Brenner tweeted “Since he went out, I’ve been chatting.”
Yagoda suggests the ambiguity there is desirable. Literary ambiguity can be desirable, except in cases when ambiguity is not desirable. Saying confusion is a good thing is not a strong defense of the assertion that there is never confusion.
One more good example comes from Bryan Garner, author of “Garner’s Modern American Usage.” Yagoda cites Garner, who writes in his entry for “since”: “Despite the canard that the word properly relates only to time, the causal meaning has existed continuously in the English language for more than a thousand years.”
But Garner also goes on to say “be careful, though, of starting a sentence with since and then using a past-tense example.
Garner’s example, from the Sporting News: “Since Memphis exposed Louisville’s main weakness … the Cards have struggled.” Garner writes: “the reader wonders, at least momentarily, whether the Cards have suffered because of or just after the upset.”
So, Garner, the prescriptivist, says there is no rule, but be cautious where there might be confusion.
The lack of confusion is the goal of good writing and good copy editing. Even in cases where the meaning is clear enough, we don’t want the reader to wonder even momentarily which meaning we’re going for. It’s not always about rules, but it is about good writing.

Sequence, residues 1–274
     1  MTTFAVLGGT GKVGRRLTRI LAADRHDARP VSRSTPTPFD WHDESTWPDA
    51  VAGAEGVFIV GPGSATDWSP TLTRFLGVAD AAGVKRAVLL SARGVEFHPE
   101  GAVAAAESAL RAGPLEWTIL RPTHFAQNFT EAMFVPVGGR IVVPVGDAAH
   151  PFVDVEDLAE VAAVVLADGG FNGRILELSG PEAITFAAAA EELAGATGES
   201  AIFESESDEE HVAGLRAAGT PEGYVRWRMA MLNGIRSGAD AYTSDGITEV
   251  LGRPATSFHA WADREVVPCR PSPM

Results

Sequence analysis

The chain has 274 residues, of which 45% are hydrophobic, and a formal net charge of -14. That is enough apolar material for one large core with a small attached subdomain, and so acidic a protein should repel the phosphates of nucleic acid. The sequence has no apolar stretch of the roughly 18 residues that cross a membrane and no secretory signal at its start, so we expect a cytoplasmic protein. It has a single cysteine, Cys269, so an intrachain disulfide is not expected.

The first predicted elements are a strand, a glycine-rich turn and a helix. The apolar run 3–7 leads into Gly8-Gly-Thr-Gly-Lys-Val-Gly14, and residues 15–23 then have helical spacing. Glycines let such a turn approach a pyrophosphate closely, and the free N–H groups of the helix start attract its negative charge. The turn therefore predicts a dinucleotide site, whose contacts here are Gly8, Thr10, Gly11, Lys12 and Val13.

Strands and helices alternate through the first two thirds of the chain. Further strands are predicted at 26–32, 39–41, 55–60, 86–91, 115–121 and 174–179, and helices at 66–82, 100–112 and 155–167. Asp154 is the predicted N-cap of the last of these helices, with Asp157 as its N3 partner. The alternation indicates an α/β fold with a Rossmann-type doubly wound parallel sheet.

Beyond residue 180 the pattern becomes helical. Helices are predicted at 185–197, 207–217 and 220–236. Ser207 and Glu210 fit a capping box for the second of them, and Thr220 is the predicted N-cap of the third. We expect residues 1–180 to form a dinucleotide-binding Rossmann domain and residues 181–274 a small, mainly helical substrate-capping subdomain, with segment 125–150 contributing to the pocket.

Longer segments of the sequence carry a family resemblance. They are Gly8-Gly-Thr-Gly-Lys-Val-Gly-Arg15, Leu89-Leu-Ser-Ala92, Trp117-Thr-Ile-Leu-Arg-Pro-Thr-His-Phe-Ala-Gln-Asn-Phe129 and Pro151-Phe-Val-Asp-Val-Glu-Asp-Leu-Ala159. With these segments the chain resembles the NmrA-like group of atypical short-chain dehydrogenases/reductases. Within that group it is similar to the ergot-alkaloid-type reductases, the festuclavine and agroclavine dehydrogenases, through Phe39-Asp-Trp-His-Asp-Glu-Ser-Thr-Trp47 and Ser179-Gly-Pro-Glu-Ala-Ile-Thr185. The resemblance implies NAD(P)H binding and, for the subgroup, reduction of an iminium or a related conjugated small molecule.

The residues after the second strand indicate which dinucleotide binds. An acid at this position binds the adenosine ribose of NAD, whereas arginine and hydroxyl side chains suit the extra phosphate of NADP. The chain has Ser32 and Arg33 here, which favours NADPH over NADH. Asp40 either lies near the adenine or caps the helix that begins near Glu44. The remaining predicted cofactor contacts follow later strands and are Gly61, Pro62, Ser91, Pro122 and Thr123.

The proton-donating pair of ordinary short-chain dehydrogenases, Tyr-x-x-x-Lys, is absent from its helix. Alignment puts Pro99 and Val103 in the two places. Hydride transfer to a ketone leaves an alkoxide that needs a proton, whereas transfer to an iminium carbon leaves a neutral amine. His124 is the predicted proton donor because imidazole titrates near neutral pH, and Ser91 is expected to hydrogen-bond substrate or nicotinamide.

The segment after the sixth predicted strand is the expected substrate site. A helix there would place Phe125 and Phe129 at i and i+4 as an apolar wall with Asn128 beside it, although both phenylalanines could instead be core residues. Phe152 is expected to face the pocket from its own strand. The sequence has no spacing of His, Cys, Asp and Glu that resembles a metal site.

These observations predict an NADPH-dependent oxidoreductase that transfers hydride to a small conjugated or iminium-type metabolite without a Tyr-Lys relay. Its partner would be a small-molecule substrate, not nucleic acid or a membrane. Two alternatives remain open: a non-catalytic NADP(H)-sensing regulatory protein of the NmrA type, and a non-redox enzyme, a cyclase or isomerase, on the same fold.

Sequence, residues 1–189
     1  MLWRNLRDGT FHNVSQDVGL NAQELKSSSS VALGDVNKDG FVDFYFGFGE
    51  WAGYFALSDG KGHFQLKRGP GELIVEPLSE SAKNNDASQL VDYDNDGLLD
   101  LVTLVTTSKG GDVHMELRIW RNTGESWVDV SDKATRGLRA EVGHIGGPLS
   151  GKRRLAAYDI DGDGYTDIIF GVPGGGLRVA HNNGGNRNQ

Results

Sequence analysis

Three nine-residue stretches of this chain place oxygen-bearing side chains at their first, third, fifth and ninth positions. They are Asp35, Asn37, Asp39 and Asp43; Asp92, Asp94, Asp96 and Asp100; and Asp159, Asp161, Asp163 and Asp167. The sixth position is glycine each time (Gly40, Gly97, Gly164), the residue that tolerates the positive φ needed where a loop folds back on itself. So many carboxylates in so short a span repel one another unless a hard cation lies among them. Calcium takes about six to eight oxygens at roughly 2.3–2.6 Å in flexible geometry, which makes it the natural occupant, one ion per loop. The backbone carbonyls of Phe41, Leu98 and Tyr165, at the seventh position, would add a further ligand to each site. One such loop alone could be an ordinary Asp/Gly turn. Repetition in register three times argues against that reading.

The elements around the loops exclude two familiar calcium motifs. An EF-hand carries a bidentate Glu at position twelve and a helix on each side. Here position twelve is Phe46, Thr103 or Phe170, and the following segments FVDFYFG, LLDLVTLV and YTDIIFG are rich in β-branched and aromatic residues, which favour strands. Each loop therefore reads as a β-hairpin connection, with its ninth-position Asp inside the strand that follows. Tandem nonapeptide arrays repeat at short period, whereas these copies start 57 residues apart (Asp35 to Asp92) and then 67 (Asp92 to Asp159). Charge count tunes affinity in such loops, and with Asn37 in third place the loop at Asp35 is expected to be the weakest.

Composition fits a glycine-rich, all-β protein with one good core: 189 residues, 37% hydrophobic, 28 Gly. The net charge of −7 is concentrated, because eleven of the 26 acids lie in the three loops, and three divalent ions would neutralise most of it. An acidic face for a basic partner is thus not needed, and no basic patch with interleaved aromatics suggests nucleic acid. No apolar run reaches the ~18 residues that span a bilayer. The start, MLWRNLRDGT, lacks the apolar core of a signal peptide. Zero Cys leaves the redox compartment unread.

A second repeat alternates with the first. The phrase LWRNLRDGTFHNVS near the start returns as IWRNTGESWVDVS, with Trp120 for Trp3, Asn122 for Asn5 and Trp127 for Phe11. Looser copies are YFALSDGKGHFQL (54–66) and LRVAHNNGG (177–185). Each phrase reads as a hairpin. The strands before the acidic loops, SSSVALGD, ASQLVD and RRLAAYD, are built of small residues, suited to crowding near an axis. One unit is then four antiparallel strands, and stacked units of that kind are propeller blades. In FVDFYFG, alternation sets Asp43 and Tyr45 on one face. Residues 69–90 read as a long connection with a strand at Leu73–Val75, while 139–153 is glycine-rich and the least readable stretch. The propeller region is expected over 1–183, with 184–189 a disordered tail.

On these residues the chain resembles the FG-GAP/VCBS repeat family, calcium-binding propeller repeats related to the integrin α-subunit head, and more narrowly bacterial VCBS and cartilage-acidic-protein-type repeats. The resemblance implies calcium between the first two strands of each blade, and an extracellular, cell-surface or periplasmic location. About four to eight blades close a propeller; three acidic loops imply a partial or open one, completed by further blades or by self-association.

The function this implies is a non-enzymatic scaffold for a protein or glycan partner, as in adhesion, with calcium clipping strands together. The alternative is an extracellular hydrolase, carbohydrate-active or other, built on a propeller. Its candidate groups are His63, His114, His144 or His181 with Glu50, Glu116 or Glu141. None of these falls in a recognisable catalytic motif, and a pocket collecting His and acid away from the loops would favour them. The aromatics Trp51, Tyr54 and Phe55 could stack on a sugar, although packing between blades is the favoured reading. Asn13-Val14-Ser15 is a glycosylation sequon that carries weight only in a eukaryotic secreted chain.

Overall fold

Arika Okrent’s 17 syllables captured the hearts of the judges, but there were scores of worthy entries in the National Grammar Day Tweeted Haiku Contest. The initial screening of 269 entries down to the top 10 resulted in 17 possibilities, and then judges asked to add another 11 back to the mix.
The five-judge panel then went into seclusion in the virtual grammar conclave for most of Sunday before they emerged with a winner, four runners up, and a mess of honorable mentions.
Arika Okrent tapped into a universal feeling of realization and dread when she wrote her winning entry for the 2013 National Grammar Day Tweeted Haiku Contest:I am an error
And I will reveal myself
After you press send
Soon after, she tweeted an amendment:
Make that “send”
“It became a self-fulfilling haiku,” Okrent said. “I wish I could say I planned it that way.”
Smug peevery is not the way to mark National Grammar Day, lexicographer Kory Stamper reminds us: A Plea for Sanity this National (US) Grammar Day.